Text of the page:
Albumin-coated SPIONs: An experimental and theoretical evaluation of protein conformation, binding affinity, and competition with serum proteins, by Siming Yu, Alex Perálvarez-Marín, Caterina Minelli, Jordi Faraudo, Anna Roig* and Anna Laromaine*, has just been accepted for publication in Nanoscale, DOI: 10.1039/C6NR01732K.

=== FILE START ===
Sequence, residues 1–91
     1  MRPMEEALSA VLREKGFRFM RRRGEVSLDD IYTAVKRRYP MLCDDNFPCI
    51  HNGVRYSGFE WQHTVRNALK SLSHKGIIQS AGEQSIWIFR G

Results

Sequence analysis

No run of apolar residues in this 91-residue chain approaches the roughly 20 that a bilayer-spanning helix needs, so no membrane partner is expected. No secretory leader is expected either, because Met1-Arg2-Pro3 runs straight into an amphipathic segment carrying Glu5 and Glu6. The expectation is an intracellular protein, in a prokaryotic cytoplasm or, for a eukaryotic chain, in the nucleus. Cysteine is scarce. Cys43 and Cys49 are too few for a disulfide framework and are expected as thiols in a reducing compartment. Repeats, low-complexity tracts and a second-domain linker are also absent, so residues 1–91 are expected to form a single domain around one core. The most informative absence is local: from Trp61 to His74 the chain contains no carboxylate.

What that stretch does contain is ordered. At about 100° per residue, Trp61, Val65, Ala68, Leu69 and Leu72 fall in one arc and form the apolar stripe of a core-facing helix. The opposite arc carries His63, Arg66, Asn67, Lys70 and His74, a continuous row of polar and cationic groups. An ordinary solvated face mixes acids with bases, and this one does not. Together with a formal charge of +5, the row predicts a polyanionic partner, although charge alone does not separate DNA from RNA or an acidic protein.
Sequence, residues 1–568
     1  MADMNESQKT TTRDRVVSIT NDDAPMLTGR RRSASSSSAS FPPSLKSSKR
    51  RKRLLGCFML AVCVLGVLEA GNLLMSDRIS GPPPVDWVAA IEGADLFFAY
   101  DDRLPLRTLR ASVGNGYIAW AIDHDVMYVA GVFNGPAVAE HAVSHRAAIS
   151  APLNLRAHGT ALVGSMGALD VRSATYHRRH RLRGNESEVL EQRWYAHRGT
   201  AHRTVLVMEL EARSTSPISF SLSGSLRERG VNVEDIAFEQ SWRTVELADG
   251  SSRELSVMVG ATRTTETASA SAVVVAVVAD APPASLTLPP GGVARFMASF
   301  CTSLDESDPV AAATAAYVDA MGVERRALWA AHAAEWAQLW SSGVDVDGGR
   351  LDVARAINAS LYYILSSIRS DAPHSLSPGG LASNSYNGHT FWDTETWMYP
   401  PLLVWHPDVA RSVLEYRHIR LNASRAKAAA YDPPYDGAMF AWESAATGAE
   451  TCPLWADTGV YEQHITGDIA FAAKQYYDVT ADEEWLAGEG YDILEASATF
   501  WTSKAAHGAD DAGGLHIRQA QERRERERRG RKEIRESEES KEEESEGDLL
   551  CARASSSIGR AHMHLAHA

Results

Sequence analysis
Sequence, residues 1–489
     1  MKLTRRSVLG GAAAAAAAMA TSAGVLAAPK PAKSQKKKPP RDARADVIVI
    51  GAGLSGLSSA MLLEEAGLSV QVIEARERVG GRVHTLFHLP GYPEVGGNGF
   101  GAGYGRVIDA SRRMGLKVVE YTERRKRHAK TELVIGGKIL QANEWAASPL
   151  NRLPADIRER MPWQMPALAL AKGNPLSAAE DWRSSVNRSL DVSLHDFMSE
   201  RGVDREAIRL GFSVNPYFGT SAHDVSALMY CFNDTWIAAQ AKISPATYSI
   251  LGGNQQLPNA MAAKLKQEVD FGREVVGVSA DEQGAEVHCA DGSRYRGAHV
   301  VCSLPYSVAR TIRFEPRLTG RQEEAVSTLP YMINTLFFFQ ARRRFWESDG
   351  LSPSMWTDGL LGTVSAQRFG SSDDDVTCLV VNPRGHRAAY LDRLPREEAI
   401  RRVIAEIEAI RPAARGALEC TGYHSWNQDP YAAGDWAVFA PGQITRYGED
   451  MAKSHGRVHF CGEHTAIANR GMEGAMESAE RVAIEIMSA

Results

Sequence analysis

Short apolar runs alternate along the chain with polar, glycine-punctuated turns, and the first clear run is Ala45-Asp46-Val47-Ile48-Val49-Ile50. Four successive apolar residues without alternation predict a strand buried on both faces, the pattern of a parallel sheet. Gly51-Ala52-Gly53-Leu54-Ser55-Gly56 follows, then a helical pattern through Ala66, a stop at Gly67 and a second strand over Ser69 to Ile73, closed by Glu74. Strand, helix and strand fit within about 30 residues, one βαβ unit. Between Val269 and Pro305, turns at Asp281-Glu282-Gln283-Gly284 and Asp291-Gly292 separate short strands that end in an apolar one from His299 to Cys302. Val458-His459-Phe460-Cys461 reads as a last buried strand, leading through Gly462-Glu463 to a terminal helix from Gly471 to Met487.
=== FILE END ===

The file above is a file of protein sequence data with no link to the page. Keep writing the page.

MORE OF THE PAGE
Among inorganic nanoparticles, superparamagnetic iron oxide nanoparticles (SPIONs) show great promise for medicine. In this work, we study in detail the formation, composition, and structure of a monolayer of bovine serum albumin (BSA) on SPIONs. We determine, both by molecular simulations and experimentally, that ten molecules of BSA form a monolayer of BSA around the SPIONs and their binding strength to the SPIONs is about 3.5×10–4 M, ten times higher than the adsorption of fetal bovine serum (FBS) on the same SPIONs. We elucidate a strong electrostatic interaction between BSA and the SPIONs, although the secondary structure of the protein is not affected. We present data that supports the strong binding of the BSA layer on SPIONs and the properties of the BSA layer as a protein-resistant coating. We believe that a complete understanding of the behavior and morphology of BSA-SPIONs and how the protein interacts with SPIONs is crucial for improving NP surface design and expanding the potential applications of SPIONs in nanomedicine.